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Hurricane Sally

NOS Fiscal Year 2020 Year in Review

Hurricane Sally began as a tropical wave off the eastern Bahamas on September 9, 2020. On September 10, additional tropical weather outlooks indicated the potential for development had increased. On September 11, the wave became a tropical depression. Sally would remain disorganized and moderately sheared for much of its trip across the Florida Peninsula into the Gulf of Mexico. As steering currents collapsed, Sally slowed significantly, which set the stage for a historic flooding event across the Florida Panhandle and into Alabama. Sally made landfall on September 16 near Gulf Shores, Alabama. Sally's continued slow motion after landfall allowed even more rainfall to fall across Alabama and the Florida Panhandle, leading to record high river levels. Sally eventually intensified into a Category 2 storm.

Office of Coast Survey (OCS)

OCS’s Navigation Response Team (NRT) -Stennis surveyed in Pensacola Bay Channel, Florida, following Hurricane Sally at the request of the U.S. Army Corps of Engineers (USACE). This is what Nate Lovelace, Operations Division, USACE, Mobile District, had to say about OCS’s efforts:

“Having your 1st class survey team scanning the channel put our minds to rest and allowed the USCG [U.S. Coast Guard] to re-open the channel in record time this year. I hope we can continue to work together and keep setting the bar higher each time.”

With mitigation plans put in place to ensure the safety of OCS employees, NRTs and navigation managers were able to respond to Hurricane Sally, providing survey data to the USGC, enabling them to open waterways and ensure safe navigation for commercial and recreational marine traffic.

Multi-colored map showing the state of the seafloor of Pensacola Bay Channel, Florida, on September 19, 2020.

Concurrent multibeam and side scan sonar data reflect the state of the seafloor of Pensacola Bay Channel, Florida, on September 19, 2020. This image was part of a preliminary survey deliverable to the U.S. Coast Guard for decision-making purposes.

Office of Response and Restoration (OR&R)

In the wake of Hurricane Sally, OR&R worked with other agencies and the U.S. Coast Guard (USGC) to identify close to 1,000 pollution targets, the majority of which were sunken and stranded commercial and recreational vessels. The storm's impacts also included a half-mile stretch of oiling along the Gulf Islands National Seashore on Perdido Key, Florida.

OR&R’s spatial data experts used the Environmental Response Management Application (ERMA) as a common operating picture to analyze aerial imagery from NOAA’s National Geodetic Survey to locate displaced vessels and potential hazardous substance releases. Identification of these targets allowed NOAA teams, working with state and federal resource agencies and the USGC, to survey the affected shore and to help track and assess vessel targets. The NOAA team is also helping to develop best management practices for vessel removal and salvage to minimize collateral impacts to historic and cultural resources and protected species.

In advance of the storm, OR&R opened its doors at the NOAA Gulf of Mexico Disaster Response Center (DRC) to the USGC for command and planning operations.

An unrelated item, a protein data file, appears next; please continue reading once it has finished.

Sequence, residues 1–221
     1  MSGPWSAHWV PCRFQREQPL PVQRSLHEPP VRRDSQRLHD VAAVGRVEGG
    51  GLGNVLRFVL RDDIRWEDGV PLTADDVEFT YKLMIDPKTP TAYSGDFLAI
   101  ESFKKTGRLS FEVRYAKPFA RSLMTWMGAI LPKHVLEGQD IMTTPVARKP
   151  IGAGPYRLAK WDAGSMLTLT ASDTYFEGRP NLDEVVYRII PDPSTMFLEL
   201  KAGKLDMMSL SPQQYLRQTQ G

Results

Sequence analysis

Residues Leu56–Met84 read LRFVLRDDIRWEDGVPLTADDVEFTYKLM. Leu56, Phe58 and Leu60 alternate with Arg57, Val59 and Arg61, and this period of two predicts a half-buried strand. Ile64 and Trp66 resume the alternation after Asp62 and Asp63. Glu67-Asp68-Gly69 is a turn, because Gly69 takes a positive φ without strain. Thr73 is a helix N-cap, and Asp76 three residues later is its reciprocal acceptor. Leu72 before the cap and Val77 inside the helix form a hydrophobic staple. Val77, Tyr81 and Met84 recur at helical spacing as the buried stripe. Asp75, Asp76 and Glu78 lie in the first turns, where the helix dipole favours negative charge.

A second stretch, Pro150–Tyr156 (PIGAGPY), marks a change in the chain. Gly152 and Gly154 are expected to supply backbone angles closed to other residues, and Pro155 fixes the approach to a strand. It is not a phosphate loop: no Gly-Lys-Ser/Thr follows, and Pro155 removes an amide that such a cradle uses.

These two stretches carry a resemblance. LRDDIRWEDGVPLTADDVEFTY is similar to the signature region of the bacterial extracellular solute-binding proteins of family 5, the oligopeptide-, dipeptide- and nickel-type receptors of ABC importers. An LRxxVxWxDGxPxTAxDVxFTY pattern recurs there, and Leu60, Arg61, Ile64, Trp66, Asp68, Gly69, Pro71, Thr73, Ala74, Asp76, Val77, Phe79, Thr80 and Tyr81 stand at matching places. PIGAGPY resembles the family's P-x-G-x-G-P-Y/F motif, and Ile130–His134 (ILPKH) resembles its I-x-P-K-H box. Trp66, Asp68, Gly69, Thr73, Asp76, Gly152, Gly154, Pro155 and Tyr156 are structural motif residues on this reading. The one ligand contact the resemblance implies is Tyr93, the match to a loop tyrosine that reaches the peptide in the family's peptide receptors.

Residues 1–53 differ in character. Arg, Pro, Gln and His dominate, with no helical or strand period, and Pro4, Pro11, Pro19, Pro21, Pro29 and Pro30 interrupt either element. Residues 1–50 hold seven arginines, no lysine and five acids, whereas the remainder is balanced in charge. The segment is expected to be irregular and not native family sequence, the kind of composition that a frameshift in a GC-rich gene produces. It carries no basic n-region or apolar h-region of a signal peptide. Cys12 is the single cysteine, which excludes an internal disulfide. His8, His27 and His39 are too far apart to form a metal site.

A sinking boat in water with other boats in the background.

Displaced vessel post- Hurricane Sally.

National Geodetic Survey (NGS)

NGS collected aerial damage assessment images of areas affected by Hurricane Sally. NGS crews flew over areas identified by NOAA in coordination with the Federal Emergency Management Agency, the U.S. Coast Guard, and other state and federal partners to collect the damage assessment images. Aerial imagery is a crucial tool used to determine the extent of the damage inflicted by flooding and to assess damage to major ports and waterways, coastlines, critical infrastructure, and coastal communities. This imagery provides a cost-effective way to better understand the damage sustained to both property and the environment.

The NGS flight crew flew over more than 3,540 square kilometers during 14.1 hours and collected 5,304 images. NOAA’s aerial imagery aids safe navigation and records storm damage to coastal areas.

Before (right) and after (left) NGS aerial photographs of Shelby Lake in Gulf Shores, Alabama, taken after Hurricane Sally.

Before (right) and after (left) NGS aerial photographs of Shelby Lake in Gulf Shores, Alabama, taken after Hurricane Sally.

Center for Operational Oceanographic Products and Services (CO-OPS)

CO-OPS issued 142 Storm QuickLook postings for 14 tropical cyclones during Fiscal Year 2020. Storm QuickLook provides a synopsis of near real-time oceanographic and meteorological observations at locations affected by a storm and are updated three times a day. For the third year, CO-OPS communicated real-time water level information from Storm QuickLook through NOS social media during storm events.

Pensacola, Florida, measured water levels of 5.6 feet above Mean Higher High Water during Hurricane Sally, which marks the third highest water level dating back to 1923, and exceeded water levels measured during Hurricane Katrina in 2005.

Many other water level stations, which were installed over the past decade, detected new records during this extremely active Atlantic hurricane season. The CO-OPS field team in the Gulf of Mexico experienced significant impacts, interweaving hurricane preparedness and response with the limitations to travel and maintenance activities related to the pandemic. Hurricane Sally caused moderate damage to the CO-OPS Gulf Breeze, Florida, facility, with three docks lost and major damage to its boathouse. Several team members sustained damage to their personal property and homes.